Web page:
Rug hooker / Enganchador de alfombra

La versión en español está después de la versión en inglés.

THERE’S A 1-PERCENT CHANCE OF rain from now until 7 this evening when it goes up to 2 percent before peaking at 5 percent during the wee hours. The sky is a vivid blue unbroken by a single cloud. I can’t look out to sea from inside the house without putting on my sunglasses.

My good mood lasted most of yesterday. So far, so good today — except for an “off” stomach keeping me close to home. It’s nothing to worry about. I was well enough to have left-over pizza before my breakfast of yogurt, peach slices, a clementine, and Special-K (the cereal, not the horse tranquilizer).

I called the rug shop yesterday. I had “words” with the owner, although I kept my cool. Apparently the rugs are on their way from Valencia (a six-hour drive). They were put on the truck yesterday afternoon and will be in the shop for pick-up “Monday… or Tuesday… or maybe Wednesday.” I said I found it odd that the day we ordered the rugs — 24 days ago — he told us they could be picked up in four days. Now that they’re done, it might take five days for them to get here. He didn’t get my point.

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HAY UNA PROBABILIDAD DE 1 POR ciento de lluvia desde ahora hasta las 7 de esta tarde, cuando sube al 2 por ciento antes de alcanzar un máximo del 5 por ciento durante la madrugada. El cielo es de un azul vivo que no se ve interrumpido por una sola nube. No puedo mirar al mar desde el interior de la casa sin ponerme las gafas de sol.

Mi buen humor duró la mayor parte de ayer. Hasta ahora, todo va bien hoy, excepto por un estómago “mal” que me mantiene cerca de casa. No hay nada de qué preocuparse. Estaba lo suficientemente bien como para tener pizza sobrante esta mañana antes de mi desayuno de yogur, rodajas de melocotón, una clementina y Special-K (el cereal, no el tranquilizante para caballos).

Ayer llamé a la tienda de alfombras. Tuve “palabras” con el dueño, aunque mantuve la calma. Aparentemente, las alfombras están de camino desde Valencia (un viaje de seis horas). Los subieron a la camioneta ayer por la tarde y estarán en la tienda para recogerlos “el lunes … o el martes … o tal vez el miércoles”. Le dije que me pareció extraño que el día que pedimos las alfombras, hace 24 días, nos dijo que podían recogerlas en cuatro días. Ahora que ya terminaron, podrían tardar cinco días en llegar. No entendió mi punto.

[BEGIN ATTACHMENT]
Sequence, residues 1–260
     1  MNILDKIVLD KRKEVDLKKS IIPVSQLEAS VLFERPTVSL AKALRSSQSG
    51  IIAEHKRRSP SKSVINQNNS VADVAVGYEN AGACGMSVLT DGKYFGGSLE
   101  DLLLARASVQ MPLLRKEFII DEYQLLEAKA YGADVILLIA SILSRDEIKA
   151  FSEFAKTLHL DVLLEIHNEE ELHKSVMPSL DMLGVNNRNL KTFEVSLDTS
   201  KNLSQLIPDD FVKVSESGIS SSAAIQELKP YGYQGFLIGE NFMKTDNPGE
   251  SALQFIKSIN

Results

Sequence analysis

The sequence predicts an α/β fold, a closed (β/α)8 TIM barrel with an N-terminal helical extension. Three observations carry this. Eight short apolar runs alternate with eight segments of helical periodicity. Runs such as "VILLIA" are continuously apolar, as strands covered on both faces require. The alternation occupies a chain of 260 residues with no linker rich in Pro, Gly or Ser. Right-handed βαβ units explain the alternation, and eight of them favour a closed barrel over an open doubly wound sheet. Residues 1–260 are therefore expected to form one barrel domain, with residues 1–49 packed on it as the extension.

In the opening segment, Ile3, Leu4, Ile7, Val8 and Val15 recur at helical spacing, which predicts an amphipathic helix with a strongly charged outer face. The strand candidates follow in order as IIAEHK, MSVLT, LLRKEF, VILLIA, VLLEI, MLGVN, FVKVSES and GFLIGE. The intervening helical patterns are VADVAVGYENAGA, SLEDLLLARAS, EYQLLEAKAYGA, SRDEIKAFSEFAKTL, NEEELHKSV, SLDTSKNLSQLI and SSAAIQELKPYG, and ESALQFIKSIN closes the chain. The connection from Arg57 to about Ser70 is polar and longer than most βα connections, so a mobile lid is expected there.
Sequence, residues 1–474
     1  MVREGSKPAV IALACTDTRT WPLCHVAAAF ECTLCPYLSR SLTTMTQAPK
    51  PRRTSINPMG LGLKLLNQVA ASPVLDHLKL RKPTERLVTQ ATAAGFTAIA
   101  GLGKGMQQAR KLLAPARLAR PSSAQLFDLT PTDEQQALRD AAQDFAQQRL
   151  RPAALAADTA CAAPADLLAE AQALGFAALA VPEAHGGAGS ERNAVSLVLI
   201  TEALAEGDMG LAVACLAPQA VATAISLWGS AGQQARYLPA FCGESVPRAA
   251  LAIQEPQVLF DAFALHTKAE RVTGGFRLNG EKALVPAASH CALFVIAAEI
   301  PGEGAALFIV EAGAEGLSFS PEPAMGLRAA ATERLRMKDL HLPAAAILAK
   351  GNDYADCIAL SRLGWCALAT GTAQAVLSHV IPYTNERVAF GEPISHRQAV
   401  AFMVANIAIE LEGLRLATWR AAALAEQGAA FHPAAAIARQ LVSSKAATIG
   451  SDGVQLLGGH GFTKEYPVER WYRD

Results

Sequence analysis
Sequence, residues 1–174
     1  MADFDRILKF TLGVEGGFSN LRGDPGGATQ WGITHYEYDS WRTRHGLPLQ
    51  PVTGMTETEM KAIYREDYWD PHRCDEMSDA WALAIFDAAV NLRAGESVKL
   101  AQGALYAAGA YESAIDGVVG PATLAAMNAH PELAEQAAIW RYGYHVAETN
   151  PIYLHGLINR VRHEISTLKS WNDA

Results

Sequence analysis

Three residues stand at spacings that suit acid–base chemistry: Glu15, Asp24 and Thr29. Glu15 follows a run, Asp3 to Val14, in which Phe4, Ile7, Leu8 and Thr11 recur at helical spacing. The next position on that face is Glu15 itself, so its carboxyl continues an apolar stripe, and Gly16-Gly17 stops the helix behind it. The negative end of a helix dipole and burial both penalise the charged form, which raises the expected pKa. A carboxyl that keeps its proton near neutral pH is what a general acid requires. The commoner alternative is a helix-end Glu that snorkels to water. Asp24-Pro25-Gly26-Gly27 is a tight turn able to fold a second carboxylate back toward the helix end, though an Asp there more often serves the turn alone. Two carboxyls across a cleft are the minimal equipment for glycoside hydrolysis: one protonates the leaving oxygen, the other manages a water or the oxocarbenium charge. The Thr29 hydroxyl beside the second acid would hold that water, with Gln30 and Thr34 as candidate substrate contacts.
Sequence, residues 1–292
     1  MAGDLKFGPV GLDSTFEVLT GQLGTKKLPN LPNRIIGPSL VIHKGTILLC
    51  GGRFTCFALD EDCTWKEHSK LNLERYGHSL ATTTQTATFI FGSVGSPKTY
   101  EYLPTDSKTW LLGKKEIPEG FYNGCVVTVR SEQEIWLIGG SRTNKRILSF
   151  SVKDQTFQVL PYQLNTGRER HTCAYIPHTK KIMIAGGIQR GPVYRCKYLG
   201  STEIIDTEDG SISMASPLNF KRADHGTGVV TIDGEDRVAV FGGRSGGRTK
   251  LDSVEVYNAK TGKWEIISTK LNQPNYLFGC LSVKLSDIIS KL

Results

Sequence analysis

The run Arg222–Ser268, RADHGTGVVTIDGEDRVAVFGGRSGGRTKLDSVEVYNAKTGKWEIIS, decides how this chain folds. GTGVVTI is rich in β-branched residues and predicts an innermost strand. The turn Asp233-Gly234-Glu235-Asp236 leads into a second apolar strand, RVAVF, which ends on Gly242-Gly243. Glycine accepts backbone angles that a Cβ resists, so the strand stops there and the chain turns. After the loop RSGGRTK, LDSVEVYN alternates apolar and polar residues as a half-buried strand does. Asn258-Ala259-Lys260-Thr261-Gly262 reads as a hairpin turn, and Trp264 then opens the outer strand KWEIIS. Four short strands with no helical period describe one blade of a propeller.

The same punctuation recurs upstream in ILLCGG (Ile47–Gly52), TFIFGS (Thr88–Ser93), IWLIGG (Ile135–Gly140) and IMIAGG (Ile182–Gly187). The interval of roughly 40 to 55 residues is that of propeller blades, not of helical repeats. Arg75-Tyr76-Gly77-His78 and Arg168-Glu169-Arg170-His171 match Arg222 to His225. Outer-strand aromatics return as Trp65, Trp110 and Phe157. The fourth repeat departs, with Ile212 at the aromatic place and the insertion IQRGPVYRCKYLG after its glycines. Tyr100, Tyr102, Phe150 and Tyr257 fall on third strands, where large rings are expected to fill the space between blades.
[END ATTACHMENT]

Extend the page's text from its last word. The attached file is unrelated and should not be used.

NOTA:
En inglés, la palabra “hooker” puede significar enganchador/a o prostituto/a.

Hook in hand and weaving our rug. No wonder it’s taking so long.
Gancho en mano y tejiendo nuestra alfombra. No es de extrañar que esté tardando tanto.
• This tamarind was cut down to a stump last year. It’s now the happiest one in town. (And it will soon be trimmed to within an inch of its life.)
• Este tamarindo fue cortado a un tocón el año pasado. Ahora es el más feliz de la ciudad. (Y pronto se recortará a una pulgada de su vida útil).
Another one about to bite the dust (or the puddle).
Otro a punto de morder el polvo (o el charco).
The third-floor view of Wednesday’s sunset from the corner of our back hall.
La vista del tercer piso del atardecer del miércoles desde la esquina de nuestro pasillo trasero.
Caught it! Moose even surprised himself. He’s quick for a … Moose.
¡Cogido! Moose incluso se sorprendió a sí mismo. Es rápido para un … Moose.

It’s Greek To Me

There’s a local Greek restaurant called Santorini that we had never tried before. It’s well-rated, so we decided to check it out the other night with Tynan and Elena.

I told San Geraldo and Tynan that it was a 5-minute walk from our apartment. It was 8 minutes. And those whiners had the nerve to complain.

So sue me.

Anyway, they didn’t complain once we were there. Friendly and excellent service. Delicious and authentic dishes. And very affordable prices. The menu includes Spanish dishes, as well. But we stuck with what we were there for and went totally Greek. (Oh, stop it.)


(Click the images and enlarge the delicious.)

DOLMADES — STUFFED GRAPE LEAVES.
TZATZIKI.
(YOGURT, LEMON JUICE, OLIVE OIL, PEPPER DILL, CUCUMBER.)
KEBAB WITH TZATZIKI AND RICE (AND SALAD).

A nearby foursome (I swear it wasn’t us) followed their meal with a flaming drink called Queimada. The drink originates in Galicia (northwestern Spain). (Learn about it here.)

Elena explained the drink to us. She’s from Northern Spain, although quite a long distance from Galicia. But she’s very smart. And she has quite a bit of experience with alcoholic beverages.

COME ON BABY,  LIGHT MY FIRE.
(NO FLOWERS WERE HARMED IN THE MAKING OF THIS DRINK.)